The Eleventh Circuit has affirmed a District Court Order granting Met Life summary judgment, rescinding a life insurance policy based upon misrepresentations in the policy application. The decision was based upon a Florida statute, which provides for rescission in either of two circumstances: (1) the insurer can show that the prospective insured made misrepresentations in the application that were material either to the acceptance of the risk or to the hazard assumed by the insurer; or (2) the insurer would not have issued the policy (or would have issued it on different terms) had it known the true facts. The insured contended that any misrepresentations could not, as a matter of law, have been material to the acceptance of the risk because Met Life had completely reinsured the liability. The Court found that it did not have to reach this contention since the evidence supported rescission under the second prong of the statutory test. Miguel v. Metropolitan Life Insur. Co., Case No. 06-11491 (11th Cir. Oct. 18, 2006). This creative argument deserves an “A” for effort.
The UK Court of Appeal has upheld the avoidance of insurance on a vessel based upon the failure to disclose, during the placement of the insurance, that third parties had made allegations of fraudulent conduct by the prospective insured. North Star Shipping Ltd. v. Sphere Drake Insurance,  EWCA Civ 378 (April 7, 2006). Even though the allegations turned out to be lacking in merit, the Court found that they would have been material to an underwriter considering the placement of the insurance.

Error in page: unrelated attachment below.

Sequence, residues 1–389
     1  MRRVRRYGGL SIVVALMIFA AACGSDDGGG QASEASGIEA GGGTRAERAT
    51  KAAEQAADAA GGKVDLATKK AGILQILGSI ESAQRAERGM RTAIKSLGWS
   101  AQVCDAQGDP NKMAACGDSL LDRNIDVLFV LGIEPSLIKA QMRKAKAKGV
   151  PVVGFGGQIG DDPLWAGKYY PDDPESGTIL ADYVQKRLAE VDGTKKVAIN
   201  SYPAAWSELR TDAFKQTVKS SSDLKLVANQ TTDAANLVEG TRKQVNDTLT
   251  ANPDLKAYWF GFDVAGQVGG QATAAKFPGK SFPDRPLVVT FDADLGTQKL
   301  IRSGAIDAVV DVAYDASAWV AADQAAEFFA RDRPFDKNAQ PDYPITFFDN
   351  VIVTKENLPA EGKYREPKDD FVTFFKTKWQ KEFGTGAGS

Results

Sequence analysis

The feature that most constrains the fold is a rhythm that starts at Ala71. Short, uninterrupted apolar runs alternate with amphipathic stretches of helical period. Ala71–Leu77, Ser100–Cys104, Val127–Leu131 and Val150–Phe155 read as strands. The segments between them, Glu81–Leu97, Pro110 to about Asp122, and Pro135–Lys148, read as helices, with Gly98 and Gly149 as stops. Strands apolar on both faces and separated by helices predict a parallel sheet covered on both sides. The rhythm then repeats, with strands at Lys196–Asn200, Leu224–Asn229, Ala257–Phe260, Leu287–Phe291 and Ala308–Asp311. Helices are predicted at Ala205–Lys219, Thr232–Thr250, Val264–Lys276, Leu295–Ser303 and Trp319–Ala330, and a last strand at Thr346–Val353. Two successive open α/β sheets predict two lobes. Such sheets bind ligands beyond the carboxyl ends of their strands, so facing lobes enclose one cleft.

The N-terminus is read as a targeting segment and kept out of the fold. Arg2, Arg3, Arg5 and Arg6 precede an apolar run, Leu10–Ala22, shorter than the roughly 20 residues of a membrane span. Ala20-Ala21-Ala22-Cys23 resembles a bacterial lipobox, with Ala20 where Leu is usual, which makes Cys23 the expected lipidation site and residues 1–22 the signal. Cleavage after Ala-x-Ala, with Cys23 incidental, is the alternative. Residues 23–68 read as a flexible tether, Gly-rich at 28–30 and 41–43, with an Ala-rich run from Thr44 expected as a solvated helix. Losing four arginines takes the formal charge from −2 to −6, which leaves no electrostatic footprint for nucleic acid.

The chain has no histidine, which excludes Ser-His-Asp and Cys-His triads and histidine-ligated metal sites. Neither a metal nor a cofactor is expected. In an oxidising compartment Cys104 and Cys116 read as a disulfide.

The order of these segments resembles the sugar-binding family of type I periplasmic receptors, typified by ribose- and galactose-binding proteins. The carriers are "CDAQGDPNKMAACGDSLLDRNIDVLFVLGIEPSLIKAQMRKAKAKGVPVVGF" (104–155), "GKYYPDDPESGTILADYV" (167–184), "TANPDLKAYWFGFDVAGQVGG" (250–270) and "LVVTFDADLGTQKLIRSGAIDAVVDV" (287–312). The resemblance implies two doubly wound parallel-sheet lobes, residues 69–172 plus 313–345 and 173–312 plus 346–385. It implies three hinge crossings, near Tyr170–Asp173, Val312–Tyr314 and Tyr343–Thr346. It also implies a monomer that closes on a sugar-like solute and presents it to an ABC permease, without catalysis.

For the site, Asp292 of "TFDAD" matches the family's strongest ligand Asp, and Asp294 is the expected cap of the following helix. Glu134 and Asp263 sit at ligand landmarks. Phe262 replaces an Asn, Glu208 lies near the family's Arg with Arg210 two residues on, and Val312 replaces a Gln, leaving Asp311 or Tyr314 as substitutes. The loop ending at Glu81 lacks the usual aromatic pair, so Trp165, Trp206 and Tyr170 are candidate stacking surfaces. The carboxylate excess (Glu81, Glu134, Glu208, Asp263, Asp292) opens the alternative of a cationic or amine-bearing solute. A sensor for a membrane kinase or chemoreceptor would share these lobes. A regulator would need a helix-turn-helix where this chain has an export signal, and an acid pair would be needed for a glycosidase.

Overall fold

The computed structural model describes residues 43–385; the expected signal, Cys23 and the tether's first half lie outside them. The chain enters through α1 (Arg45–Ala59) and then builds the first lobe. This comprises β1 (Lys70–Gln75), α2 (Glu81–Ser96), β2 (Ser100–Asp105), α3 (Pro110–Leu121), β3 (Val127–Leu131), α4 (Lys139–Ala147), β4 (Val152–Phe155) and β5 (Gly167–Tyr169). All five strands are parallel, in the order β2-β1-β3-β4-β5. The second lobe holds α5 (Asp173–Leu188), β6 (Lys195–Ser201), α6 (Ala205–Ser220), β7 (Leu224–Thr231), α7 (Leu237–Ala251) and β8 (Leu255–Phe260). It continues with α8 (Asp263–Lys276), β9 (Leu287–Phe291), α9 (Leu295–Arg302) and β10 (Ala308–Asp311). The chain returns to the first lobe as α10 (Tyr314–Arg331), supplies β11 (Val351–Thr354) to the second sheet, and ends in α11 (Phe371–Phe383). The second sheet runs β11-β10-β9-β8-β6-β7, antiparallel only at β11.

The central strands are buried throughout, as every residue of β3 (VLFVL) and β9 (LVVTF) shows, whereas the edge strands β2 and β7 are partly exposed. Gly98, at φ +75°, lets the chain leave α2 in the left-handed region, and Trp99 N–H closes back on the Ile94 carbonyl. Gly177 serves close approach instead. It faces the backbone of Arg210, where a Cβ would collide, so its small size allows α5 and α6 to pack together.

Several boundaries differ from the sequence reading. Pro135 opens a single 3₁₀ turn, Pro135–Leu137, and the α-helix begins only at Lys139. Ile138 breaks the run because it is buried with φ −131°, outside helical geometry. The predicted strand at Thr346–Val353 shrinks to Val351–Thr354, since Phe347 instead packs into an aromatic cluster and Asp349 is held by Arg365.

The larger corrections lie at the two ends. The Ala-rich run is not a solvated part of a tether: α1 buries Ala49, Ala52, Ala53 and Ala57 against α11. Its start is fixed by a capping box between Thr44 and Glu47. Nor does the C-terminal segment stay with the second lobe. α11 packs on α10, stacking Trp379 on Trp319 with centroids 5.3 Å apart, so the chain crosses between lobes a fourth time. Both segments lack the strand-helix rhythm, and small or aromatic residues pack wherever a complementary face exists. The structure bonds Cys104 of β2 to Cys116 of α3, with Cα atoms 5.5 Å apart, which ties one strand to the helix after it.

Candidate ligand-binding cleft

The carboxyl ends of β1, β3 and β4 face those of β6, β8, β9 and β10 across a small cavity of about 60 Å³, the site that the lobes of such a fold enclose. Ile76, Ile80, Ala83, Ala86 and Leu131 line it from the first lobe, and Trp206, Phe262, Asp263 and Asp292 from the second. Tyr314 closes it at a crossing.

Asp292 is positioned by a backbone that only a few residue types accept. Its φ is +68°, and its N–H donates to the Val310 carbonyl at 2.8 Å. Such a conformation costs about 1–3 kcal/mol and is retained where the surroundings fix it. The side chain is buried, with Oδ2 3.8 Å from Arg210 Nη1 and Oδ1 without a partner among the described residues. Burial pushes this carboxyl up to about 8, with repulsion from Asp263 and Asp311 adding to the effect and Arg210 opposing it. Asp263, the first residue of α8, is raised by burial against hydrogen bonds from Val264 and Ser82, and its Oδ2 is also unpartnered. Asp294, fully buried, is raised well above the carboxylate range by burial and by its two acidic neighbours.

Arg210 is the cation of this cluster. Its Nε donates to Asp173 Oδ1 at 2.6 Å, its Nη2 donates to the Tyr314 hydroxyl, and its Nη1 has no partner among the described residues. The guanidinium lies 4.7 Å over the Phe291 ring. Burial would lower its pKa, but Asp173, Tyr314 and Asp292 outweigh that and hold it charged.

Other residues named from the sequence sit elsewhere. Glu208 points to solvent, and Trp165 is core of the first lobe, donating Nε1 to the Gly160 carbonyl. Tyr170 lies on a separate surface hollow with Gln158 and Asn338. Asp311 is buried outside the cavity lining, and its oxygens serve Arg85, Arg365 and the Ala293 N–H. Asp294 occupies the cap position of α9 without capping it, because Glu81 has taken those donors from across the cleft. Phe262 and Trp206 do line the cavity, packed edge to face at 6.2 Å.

In North Star Shipping Ltd v Sphere Drake Insurance Plc,  EWCA Civ 378 (April 7, 2006), the UK Court of Appeals stated that when a party seeks to avoid insurance on the basis of the non-disclosure of a “material circumstance,” a material circumstance “is one that would have an effect on the mind of a prudent insurer in estimating the risk and it is not necessary that it should have a decisive effect on his acceptance of the risk or the amount of premium to be paid.” Id., paragraph 18.
The London Personal Accident Reinsurance market experienced underwriting difficulties and spirals in the latter half of the 1990s. In an extensive opinion, a UK Commercial Court judge found that problems in this market were caused largely by undisclosed gross loss making underwriting, in which the reinsurance brokers had a prominent role. Sphere Drake Insurance Limited v. Euro International Underwriting Limited, Stirling Cooke Brown Reinsurance Brokers Limited, et al., 2003 EWHC 1636 (High Court of Justice, Queens Bench Division Commercial Court July 8, 2003).
Appeal of decision with respect to attempted avoidance of reinsurance, with an extensive discussion of the duties of disclosure and the underwriting process. Court of Appeals held that a reinsured under an excess of loss reinsurance agreement did not owe its reinsurers an implied duty of care to underwrite ceded risks in a prudent manner. Available at Bonner & Ors v. Cox & Ors, 2005 EWCA Civ 1512 (Court of Appeal Civil Division December 8, 2005).